In short, I love London!

— Diane Harrison, Creve Coeur, MO

What is not to love about London? When I was a hitchhiking student in 1956, London was a great favorite due to easy communication, friendly people and fascinating tradition and civilization. Throughout the many visits since, it continues to fascinate.

Just when we think we’ve seen it all, some area beckons us back. A couple of years ago we stayed across the Thames on the Old Vic side near the Imperial War Museum and had a whole different feel of London. Our last visit was to the docks area and to see a whole transformation of an area to housing and shops. We also crossed the new Millennium Bridge to the Tate Modern, which has a most incredible view from the upstairs café.

Of course, a new spectacle is the London Eye, and we found ourselves sitting on a bench with nursing-home patients being mesmerized by the slowly turning Ferris wheel-like attraction.

Our favorite restaurant, Maggie Jones’s, continues to stay in business on a side street in Kensington. The sawdust on the floor and the menagerie of cats have been replaced by a more hygienic feel.

On another visit we met English friends, who took us to Lower Basildon on the Thames to hunt for ancestors and, guess what? We found the church and the tombstones of ancestors who, in the 1800s, went on to Bermuda for a couple of generations before coming to the United States!

So, yes, my husband and I, now in our 70s, still jump at the chance to pass through London so we can stay a few days and check on our old and new haunts!

— Phyllis Mueller, San Jose, CA

My husband, Keith, loves London because the mother tongue is used in so many charming ways there.

When you’re riding the Underground and you see that wonderful sign at the edge of the train platform reminding you to “Mind the gap,” it just makes riding the subway seem so much more civilized.

The weather isn’t horrendous, it’s “a bit of a foul day,” and one doesn’t yield, one “gives way.”

I love London because of the history.

When you walk along the Thames in central London, you sense all of the monumental events that took place there. From Big Ben to St. Paul’s to the Tower to the new Globe Theater, it is just an incredible place for those of us who love history.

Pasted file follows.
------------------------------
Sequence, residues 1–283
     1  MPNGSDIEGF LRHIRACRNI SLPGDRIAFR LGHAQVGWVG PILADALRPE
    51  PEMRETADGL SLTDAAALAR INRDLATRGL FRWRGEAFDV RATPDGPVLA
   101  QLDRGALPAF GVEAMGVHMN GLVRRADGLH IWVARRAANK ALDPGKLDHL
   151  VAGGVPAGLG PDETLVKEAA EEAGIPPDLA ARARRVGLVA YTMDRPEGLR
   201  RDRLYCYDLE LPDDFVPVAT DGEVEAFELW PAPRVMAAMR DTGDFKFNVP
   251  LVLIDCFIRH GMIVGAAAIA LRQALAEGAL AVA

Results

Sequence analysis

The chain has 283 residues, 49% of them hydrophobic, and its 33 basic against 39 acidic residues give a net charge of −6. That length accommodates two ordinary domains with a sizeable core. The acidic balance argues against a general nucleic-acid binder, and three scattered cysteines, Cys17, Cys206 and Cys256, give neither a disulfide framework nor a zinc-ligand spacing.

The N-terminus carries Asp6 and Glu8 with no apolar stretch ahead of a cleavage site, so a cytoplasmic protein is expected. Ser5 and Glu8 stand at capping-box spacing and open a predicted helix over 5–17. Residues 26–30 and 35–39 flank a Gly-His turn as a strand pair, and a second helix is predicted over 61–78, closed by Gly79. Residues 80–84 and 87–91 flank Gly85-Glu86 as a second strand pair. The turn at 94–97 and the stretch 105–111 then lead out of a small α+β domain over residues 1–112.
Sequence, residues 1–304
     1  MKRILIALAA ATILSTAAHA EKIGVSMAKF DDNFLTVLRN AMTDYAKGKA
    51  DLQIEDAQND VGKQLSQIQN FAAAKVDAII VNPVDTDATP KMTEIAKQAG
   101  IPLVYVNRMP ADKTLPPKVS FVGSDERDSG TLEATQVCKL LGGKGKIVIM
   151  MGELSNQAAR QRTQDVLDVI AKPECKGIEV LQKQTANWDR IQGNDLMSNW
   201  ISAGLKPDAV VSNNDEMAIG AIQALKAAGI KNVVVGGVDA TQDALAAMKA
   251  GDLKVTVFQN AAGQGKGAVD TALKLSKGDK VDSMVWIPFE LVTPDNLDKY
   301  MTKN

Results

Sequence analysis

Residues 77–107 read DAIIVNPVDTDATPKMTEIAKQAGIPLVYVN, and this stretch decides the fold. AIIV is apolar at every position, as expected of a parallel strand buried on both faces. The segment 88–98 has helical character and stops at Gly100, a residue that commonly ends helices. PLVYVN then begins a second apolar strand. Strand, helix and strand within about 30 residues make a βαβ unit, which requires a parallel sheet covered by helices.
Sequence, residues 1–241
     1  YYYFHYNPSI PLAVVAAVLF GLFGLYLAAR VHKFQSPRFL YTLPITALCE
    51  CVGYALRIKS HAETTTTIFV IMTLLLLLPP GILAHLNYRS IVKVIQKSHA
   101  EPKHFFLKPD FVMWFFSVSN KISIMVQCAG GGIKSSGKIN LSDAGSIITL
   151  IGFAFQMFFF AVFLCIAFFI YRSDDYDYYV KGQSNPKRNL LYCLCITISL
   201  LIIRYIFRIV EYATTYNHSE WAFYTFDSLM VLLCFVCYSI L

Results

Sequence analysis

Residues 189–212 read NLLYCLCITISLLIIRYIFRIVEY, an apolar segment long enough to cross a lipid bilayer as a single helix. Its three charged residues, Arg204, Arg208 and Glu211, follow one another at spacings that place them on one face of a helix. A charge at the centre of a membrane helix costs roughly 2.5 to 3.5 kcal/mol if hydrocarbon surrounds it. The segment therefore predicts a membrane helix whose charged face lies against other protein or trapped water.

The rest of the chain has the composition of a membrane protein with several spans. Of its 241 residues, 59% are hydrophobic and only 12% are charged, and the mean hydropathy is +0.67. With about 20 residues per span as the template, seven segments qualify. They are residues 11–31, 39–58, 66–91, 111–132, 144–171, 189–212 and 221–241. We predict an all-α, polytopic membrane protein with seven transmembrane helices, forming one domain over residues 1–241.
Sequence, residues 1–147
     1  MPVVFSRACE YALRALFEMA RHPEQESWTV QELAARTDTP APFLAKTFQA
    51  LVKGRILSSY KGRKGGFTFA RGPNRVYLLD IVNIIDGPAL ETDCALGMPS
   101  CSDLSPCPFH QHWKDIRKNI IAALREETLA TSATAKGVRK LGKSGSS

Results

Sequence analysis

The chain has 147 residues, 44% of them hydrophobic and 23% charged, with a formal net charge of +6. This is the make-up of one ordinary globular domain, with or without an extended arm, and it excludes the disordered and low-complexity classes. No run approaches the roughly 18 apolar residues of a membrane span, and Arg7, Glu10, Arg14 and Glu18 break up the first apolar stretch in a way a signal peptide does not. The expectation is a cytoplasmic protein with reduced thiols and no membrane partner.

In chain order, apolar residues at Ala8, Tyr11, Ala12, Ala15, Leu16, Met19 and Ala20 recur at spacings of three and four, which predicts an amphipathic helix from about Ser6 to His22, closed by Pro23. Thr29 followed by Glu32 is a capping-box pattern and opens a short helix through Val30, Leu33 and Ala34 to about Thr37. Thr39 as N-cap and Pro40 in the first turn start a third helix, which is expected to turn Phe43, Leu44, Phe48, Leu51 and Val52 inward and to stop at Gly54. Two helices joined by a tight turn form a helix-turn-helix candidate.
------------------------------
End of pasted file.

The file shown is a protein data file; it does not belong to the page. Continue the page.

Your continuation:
— Nanci Alexander, Lexington, KY

“The play’s the thing.” I love London first and foremost because of its theater opportunities. I don’t mind if relatives look at me with thinly disguised pity when I announce with pride that it is possible to see three shows in one day if you schedule carefully.

Until I saw Hermione Gingold in “A Little Night Music” on my first trip to London in 1974, I had no idea what a thrill it is to see famous performers on stage in their signature roles. Jimmy Stewart in “Harvey,” Yul Brynner in “The King and I” and Jessica Lange in “Streetcar Named Desire”: each one was a Yes! experience. One hallway in our house is adorned with programs from plays my husband and I saw in London from 1974 to 2010.

Are there other reasons to love London? Yes, indeed! It’s okay to be a tourist and enjoy roast beef and Yorkshire pudding at Samuel Johnson’s favorite pub, Ye Olde Cheshire Cheese, every year or two. And no matter how often I see Westminster Abbey, Big Ben, St. Paul’s Cathedral and the Tower Bridge, they never lose their awesome charm.

What’s not to like about the most easily navigable big-city transportation system in the world? By way of Tube or bus, a trip to Kew Gardens, Greenwich or Hampton Court presents no problems even to those who are no longer young and agile.

Finally, there is our customary shopping day on Oxford Street. The two of us go our separate ways to buy clothing. When I carry a purse purchased at Selfridges, I have a subtle reminder of the joys of a shopping excursion. And if a friend happens to compliment me on it, I confess to the pleasure of saying, “Oh, thank you, I bought it in London!”

— Audrey Henry, Newberry, SC